Impact of food processing on postprandial glycaemic and appetite responses in normoglycaemic adults: a randomized, controlled trial

Hafiz, Maryam S, Campbell, Matthew D., Orsi, Nicolas, Mappa, Georgia, Orfila, Caroline and Bosch, Christine (2022) Impact of food processing on postprandial glycaemic and appetite responses in normoglycaemic adults: a randomized, controlled trial. Food & Function. ISSN 2042-6496

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Abstract

Chickpeas are among the lowest glycaemic index carbohydrate food eliciting protracted digestion and enhanced satiety responses. In vitro studies suggest that mechanical processing of chickpeas significantly increases starch digestion. However, there is little evidence regarding the impact of processing on postprandial glycaemic response in response to chickpea intake in vivo. Therefore, the aim of this study was to determine the effect of mechanical processing on postprandial glycaemic and satiety responses in humans. In a randomised crossover design, thirteen normoglycaemic adults attended 4 separate laboratory visits following an overnight fast. On each occasion, one of four test meals matched for available carbohydrate content consisting of different physical forms of chickpeas (whole, puree, and pasta) or control (mashed potato) were administered followed by a subsequent standardised lunch meal. Continuous Glucose Monitoring captured interstitial glucose responses, accompanied by periodic venous blood samples for retrospective analysis of C-peptide, glucagon like peptide-1 (GLP-1), ghrelin, leptin, resistin, and cortisol. Subjective appetite responses were measured by Visual Analogue Scale (VAS). Postprandial glycaemic responses were comparable between chickpea treatments and significantly lower than the control (p<0.001). Similarly, all chickpea treatments elicited significantly lower C-peptide and GLP-1 responses than the control (p<0.05), accompanied by enhanced subjective satiety responses (p<0.05); no significant differences in satiety hormones were detected (p>0.05). Chickpea consumption elicits low postprandial glycaemic responses and enhanced subjective satiety responses irrespective of processing methods.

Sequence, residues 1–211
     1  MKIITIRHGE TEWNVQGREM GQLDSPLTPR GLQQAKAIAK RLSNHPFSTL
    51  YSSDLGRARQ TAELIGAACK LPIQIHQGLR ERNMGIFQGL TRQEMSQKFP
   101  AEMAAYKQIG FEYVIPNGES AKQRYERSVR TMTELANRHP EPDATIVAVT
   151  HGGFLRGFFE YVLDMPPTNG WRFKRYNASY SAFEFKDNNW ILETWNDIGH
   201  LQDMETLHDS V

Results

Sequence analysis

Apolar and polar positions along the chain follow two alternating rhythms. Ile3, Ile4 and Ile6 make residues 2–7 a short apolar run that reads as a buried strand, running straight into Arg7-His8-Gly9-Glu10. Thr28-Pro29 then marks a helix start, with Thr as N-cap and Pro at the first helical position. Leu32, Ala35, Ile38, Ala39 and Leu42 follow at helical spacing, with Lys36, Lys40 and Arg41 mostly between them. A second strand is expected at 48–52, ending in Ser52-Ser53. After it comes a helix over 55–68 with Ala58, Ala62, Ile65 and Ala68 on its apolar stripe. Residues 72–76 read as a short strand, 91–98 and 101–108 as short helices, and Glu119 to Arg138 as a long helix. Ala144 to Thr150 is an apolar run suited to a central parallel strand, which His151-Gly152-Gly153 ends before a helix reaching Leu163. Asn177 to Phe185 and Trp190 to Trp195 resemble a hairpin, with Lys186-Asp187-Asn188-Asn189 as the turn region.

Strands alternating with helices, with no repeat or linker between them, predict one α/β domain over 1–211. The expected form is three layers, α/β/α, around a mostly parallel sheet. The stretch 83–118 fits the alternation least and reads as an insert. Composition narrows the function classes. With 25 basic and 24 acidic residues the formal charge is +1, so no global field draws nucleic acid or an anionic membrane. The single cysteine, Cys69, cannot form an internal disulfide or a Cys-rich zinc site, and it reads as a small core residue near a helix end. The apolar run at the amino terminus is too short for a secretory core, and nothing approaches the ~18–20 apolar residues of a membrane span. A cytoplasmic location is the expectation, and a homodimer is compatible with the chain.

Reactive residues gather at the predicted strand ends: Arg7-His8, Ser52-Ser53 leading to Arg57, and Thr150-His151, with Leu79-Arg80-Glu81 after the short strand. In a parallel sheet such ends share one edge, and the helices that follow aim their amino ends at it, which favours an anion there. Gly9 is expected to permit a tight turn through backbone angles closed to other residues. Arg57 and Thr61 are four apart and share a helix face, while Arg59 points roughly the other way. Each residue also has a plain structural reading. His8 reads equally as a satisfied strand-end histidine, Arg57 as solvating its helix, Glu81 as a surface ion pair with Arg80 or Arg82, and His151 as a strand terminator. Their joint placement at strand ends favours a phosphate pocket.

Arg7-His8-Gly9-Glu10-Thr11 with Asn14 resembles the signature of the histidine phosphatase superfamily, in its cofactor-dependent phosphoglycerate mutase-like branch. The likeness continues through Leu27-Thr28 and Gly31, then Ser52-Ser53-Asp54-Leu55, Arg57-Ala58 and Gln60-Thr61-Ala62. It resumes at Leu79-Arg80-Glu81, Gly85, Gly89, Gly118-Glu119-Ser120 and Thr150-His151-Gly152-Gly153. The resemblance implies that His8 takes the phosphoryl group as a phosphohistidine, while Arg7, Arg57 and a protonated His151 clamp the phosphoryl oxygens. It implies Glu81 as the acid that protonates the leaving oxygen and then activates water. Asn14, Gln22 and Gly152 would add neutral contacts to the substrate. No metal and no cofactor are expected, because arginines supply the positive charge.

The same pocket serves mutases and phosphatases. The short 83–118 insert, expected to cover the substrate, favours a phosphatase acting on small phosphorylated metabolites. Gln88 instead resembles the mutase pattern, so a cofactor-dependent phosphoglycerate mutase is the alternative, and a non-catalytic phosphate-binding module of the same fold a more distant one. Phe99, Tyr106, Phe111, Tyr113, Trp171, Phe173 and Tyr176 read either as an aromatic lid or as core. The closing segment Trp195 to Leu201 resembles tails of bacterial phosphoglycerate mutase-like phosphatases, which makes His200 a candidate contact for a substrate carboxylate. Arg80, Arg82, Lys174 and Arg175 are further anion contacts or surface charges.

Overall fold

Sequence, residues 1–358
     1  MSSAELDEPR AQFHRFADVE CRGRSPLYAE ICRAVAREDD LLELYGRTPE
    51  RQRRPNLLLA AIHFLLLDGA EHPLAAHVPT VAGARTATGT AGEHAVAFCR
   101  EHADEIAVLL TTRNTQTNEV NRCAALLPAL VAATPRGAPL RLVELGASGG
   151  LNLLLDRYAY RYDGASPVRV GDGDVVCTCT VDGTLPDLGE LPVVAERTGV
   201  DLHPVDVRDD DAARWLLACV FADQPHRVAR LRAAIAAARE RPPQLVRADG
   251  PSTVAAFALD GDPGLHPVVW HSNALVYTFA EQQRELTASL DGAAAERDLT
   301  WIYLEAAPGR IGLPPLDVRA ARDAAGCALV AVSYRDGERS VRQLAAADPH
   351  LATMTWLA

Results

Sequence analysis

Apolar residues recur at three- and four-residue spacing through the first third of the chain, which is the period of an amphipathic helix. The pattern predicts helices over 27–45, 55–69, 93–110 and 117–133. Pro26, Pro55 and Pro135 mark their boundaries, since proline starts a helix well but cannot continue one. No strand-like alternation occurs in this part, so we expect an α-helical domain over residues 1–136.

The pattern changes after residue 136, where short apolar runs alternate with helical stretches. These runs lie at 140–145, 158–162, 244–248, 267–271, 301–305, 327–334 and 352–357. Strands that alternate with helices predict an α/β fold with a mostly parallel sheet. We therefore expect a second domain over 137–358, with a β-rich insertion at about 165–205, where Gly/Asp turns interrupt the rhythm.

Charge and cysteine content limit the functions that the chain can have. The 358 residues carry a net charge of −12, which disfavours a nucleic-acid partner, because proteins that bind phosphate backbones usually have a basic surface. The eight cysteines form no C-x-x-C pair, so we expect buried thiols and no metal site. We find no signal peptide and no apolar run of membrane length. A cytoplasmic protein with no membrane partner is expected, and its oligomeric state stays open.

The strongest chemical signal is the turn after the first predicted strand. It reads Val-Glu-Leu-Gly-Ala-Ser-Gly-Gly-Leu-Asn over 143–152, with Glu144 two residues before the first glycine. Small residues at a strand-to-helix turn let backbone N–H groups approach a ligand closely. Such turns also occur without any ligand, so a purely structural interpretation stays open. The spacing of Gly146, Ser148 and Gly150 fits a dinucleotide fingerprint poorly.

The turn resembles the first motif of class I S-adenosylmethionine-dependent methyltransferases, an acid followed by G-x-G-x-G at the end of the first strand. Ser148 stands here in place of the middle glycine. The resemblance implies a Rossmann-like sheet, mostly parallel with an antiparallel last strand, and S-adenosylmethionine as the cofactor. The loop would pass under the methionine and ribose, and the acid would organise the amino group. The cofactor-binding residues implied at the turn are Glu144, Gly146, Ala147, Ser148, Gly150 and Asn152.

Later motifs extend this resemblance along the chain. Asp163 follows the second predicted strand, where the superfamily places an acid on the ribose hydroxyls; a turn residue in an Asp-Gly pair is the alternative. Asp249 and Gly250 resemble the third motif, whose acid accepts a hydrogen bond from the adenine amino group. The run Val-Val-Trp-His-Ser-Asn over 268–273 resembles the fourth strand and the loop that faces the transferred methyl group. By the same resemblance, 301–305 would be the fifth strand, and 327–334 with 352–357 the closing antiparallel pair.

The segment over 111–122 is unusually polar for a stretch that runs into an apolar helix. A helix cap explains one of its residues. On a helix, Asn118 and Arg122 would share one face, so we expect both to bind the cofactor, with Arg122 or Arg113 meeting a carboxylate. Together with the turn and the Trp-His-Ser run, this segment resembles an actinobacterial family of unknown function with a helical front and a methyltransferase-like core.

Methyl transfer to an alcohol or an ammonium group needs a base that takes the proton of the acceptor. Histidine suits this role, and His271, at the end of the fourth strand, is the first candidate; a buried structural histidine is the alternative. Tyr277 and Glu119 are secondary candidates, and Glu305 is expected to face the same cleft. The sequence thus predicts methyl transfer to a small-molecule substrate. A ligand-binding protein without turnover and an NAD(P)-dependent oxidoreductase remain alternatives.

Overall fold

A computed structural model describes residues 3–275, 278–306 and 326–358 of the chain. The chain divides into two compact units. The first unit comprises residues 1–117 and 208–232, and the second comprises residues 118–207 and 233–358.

Item Type: Article
Divisions: Faculty of Health Sciences and Wellbeing > School of Nursing and Health Sciences
Depositing User: Leah Maughan
Date Deposited: 11 Jan 2022 14:33
Last Modified: 11 Jan 2022 14:35
URI: http://sure.sunderland.ac.uk/id/eprint/14309
ORCID for Matthew D. Campbell: ORCID iD orcid.org/0000-0001-5883-5041

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